Wedge Blades, and How They are Different

Most straight razors are hollowground. What this means is that the sides of the razor are hollowed out by grinding on a wheel. You can press the blade down on a flat surface and the spine and edge make contact, but the hollowgrind part in between does not. This hollow is very pronounced, and obvious to feel and to the eye. The hollowground razor was a great technological leap forward in the history and production of the straight razor. Hollowgrinding makes a razor much easier to hone.

The wedge razor is the older style of blade. As the name suggests, the sides are flat and the blade has a straight wedge taper from spine to edge. These razors are a bit more difficult to hone properly and I suggest that beginners avoid them until they have more experience. Myself, I do not like them but they have plenty of fans.

A hollowground razor can have a rather deep and high hollow, or a more subtle hollow. We often refer to varying degrees of hollow as quarter hollow, half, three quarter, full, or extra full hollowground. What they all have in common is that the spine rests on the hone when honing, and serves as the bevel guide to keep the bevel angle very consistent through the honing process, resulting in a very flat and precise bevel.

Wedges and near wedges do not enjoy that advantage. It is true that the initial grinding involves the entire face of the razor, and on rare occasions one might basically regrind the wedge razor by honing flat on its face, but normal honing calls for lifting the spine slightly. This ensures that the edge gets good contact with the hone, and the contact area is fairly small. Also wedge blades typically have a very acute natural bevel angle. In other words, the spine thickness is smaller than a hollowground razor of the same blade width. This was once done freehand, often with a fingernail used as a honing angle guide. Now, we almost universally use electrical tape on the spine to artificially and temporarily thicken the spine to raise the back of the razor to the desired honing angle. This sets the working bevel, or primary bevel. Initially this bevel surface is very narrow but over the years as the razor is used and honed, the edge is ground back into thicker steel and so the bevel surface gets wider. The wider bevel surface is slower and more difficult to hone properly, and so a micro-bevel is sometimes applied, by adding another layer of tape or two for only the last few finishing laps. This microbevel of course has a very narrow surface area, and hones very easily and quickly. The tape doesn't get a chance to wear or compress, so this bevel remains very flat and precise, and renders a sharp edge quickly and easily.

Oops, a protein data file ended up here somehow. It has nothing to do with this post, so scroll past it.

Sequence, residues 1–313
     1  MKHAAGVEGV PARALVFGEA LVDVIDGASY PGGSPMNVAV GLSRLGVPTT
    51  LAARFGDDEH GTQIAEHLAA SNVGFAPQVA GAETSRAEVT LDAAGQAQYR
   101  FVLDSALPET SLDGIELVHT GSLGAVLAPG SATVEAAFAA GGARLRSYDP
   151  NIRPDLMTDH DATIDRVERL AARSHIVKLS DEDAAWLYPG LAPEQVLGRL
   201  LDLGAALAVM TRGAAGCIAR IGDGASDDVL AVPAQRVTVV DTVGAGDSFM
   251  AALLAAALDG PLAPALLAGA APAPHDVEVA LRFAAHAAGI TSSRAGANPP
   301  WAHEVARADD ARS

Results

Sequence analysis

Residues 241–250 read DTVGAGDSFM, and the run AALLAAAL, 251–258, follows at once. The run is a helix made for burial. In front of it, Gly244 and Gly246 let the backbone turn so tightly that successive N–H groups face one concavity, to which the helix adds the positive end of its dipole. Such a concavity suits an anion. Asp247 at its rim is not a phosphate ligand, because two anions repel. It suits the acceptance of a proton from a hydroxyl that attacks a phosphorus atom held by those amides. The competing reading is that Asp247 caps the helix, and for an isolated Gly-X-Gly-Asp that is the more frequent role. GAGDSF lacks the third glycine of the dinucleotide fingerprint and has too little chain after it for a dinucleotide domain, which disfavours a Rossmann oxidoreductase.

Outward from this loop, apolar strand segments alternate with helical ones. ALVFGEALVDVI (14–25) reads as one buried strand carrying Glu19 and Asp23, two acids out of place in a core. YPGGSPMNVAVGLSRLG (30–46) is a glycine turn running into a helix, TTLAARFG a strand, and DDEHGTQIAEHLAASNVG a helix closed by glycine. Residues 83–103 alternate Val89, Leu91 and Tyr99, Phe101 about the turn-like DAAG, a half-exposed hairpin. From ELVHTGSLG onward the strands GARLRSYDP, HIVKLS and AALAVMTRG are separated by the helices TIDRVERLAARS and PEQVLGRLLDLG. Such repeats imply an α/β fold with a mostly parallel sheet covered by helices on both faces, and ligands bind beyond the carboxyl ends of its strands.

Refreshing this compound bevel edge is done with the extra layer or layers of tape, and ideally only requires a few laps on the finisher. It is important to keep wear down and preserve the edge geometry as long as possible. Eventually the microbevel expands to the full width of the primary bevel. When this happens, the primary bevel ideally is reset, and a new microbevel is formed at the finishing stage of honing.

If all of that sounds very complicated and involved, well, it is, compared to hollowground honing. But done properly it does usually result in a very good edge that is capable of shaving very effectively. Some fans of this type razor appreciate the extra heft of the blade, or the rigidity compared to a hollowground razor. Some are drawn to it by tradition. Wedge razors are yesterday's news and have been succeeded by the ubiquitous hollowground razor, but they are still around, and still being made, and still have a market. And so the newbie to honing and shaving with straight razors will likely encounter one, sooner or later.

I am not one of those who likes wedges, as I said before, and I consequently have little expertise in their honing, so I will not write a tutorial on them, preferring to let those with a greater interest in them do that. I will say that a newbie should initially avoid them, and maybe try one later, after gaining some experience. You might like them, you might not. Just be aware of the difference.

Occasionally you might encounter a hollowground razor that has been honed so much over its lifetime that it begins to assume the form of a wedge. Such a razor should be honed in similar manner to a wedge. If the spine thickness is such that the bevel angle is too obtuse for this, then hone it flat with more pressure toward the spine than the edge, to reduce the natural bevel angle, then hone as a wedge. Or toss it. Or give it to someone who appreciates razors in this state. If the bevel surface at the edge is too wide, it is not going to be easy to hone without tape and a compound bevel.

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